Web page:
Adaptation and Loss and Damage

Climate Change Adaptation and Loss & Damage, associated with the adverse effects of climate change, are among the priority thematic areas of our work. We aim to build on scientific evidence and information related to these issues to assist governments in designing policies and programmes to address the needs of the most vulnerable.

 ©Florent Baarsch / Climate Analytics
©Florent Baarsch / Climate Analytics

Our areas of expertise

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Our programs and studies mainly focus on scientific and economic analysis of adaptation options, including cost of residual damages and policy inputs. Our policy experts play an important role in providing real-time support and advice to delegates at UN Climate change negotiations on issues related to adaptation and loss and damage. Our experts have contributed to Africa’s Adaptation Gap reports, published in 2013 and 2015, and for the global level and study on Loss and Damage in Africa.

Publications

Sea-level rise poses a significant threat to Small Island Developing States (SIDS) due to the concentration of people, assets, and infrastructure in coastal zones. This review assesses literature on key emerging topics in sea level rise including: the lasting impact of near-term mitigation on long-term sea-level rise; new global coastal vertical elevation data and their impact on existing sea-level rise projections; and the interaction of sea-level rise with other hazards, including salinization, tropical cyclones and extreme precipitation. We characterize the regional nature of sea-level rise for SIDS and highlight associated impacts and risks. Finally, we review approaches to address sea-level rise as well as limits to adaptation and resultant economic and non-economic loss and damage that may be experienced by SIDS.  
Climate change has emerged as a growing threat to the European economy, whose economic losses are relevant for global growth. Rising temperatures and worsening extreme events are expected to affect climate-vulnerable sectors. Due to the economic integration within the European Union (EU), these impacts will likely have spillover effects and feedback loops to and from other regions. This study uses spatial econometrics to account for the interdependencies between the subnational EU regions to estimate the future impacts of changes in temperature on sectoral labour productivity under the Paris Agreement. The study confirms the presence of spatial spillover effects of climate change, and finds that observations at the economy-wide level of a non-linear, concave and single-peaked relationship between temperature and productivity do not always hold true at the sectoral level.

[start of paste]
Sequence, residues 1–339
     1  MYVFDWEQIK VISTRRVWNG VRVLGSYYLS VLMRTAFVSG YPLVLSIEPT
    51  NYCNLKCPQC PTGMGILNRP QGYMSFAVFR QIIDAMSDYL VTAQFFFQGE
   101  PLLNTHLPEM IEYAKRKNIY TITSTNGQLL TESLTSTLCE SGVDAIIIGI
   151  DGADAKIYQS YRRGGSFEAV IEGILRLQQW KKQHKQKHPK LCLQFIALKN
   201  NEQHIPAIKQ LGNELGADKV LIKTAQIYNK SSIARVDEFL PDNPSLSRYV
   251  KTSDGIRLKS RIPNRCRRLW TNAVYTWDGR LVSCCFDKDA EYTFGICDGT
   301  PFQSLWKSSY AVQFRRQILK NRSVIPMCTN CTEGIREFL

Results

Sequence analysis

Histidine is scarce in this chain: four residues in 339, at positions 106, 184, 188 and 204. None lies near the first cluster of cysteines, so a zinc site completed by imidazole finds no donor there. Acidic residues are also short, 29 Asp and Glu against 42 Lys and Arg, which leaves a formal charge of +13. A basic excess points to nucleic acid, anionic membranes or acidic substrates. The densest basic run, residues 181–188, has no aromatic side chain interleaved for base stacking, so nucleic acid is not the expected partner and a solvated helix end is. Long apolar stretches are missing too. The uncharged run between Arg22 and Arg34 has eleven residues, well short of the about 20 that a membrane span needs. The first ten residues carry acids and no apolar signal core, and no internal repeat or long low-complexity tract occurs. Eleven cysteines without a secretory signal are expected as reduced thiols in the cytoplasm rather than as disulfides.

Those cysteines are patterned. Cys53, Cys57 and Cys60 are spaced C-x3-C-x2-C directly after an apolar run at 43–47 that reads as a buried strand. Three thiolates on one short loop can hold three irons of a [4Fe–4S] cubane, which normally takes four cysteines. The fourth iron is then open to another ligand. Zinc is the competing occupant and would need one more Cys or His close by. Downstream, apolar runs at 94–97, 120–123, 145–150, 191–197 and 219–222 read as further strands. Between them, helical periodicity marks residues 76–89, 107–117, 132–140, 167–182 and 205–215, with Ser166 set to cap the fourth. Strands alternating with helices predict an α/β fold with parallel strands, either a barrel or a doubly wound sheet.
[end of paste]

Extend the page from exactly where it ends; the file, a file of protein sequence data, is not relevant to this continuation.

This article looks at the politics of L&D and inquires into negotiators´ perceptions of the most contentious issues surrounding L&D negotiations. It shows how the legitimacy of L&D as a negotiations issue is still not accepted by all and how compensation has different connotations for different negotiators. The paper argues that L&D is an ultimately political issue with distributional consequences and as such should not be treated as a purely technical problem.  
The Paris Agreement includes the concept of a global stocktake (GST), a process by which progress on climate action is assessed, providing a critical opportunity to review overall progress made on mitigation, adaptation and means of implementation and support. Due in part to strong advocacy by small island developing states (SIDS) and least developed countries (LDCs), additional thematic areas will be part of the process. However, there remain significant research gaps on L&D that need to be addressed to support a robust GST.  
This briefing takes a look at how issues relevant for loss and damage, and particularly important to Small Island Developing States and Least Developed Countries, have increased in prominence in the recent IPCC Special Reports. The reports agree that attributable climate change impacts are evident at today’s levels of warming. Even some extreme events, such as marine heat waves, are almost completely attributable to climate change, providing a solid underpinning for the loss and damage discourse.  

Projects

The EmBARK-project investigates time scales and possible trajectories of socio-economic transformation processes and analyse their relevance as potential barriers to adaptation to climate change. An improved understanding of the temporal dynamics of such barriers is key in developing a more realistic understanding of future climate impacts and for scientifically robust assessment of future climate related loss and damage.  
This project provides francophone Least Developed Countries in Sub-Saharan Africa with science-based support when formulating their National Adaptation Plans (NAPs). In addition, it will give these countries access to international climate finance and establish national, international and regional platforms to share knowledge and experiences.    
Produced for the AMCEN, the research aims at improving and understanding science related to loss and damage in Africa, as well as the existing mechanisms to address loss and damage and their limitations. The research also explores the options for institutional arrangements on loss and damage under the UNFCC and investigates the next steps related to the Warsaw International Mechanism for Loss and Damage. Project Period: 2013 - 2014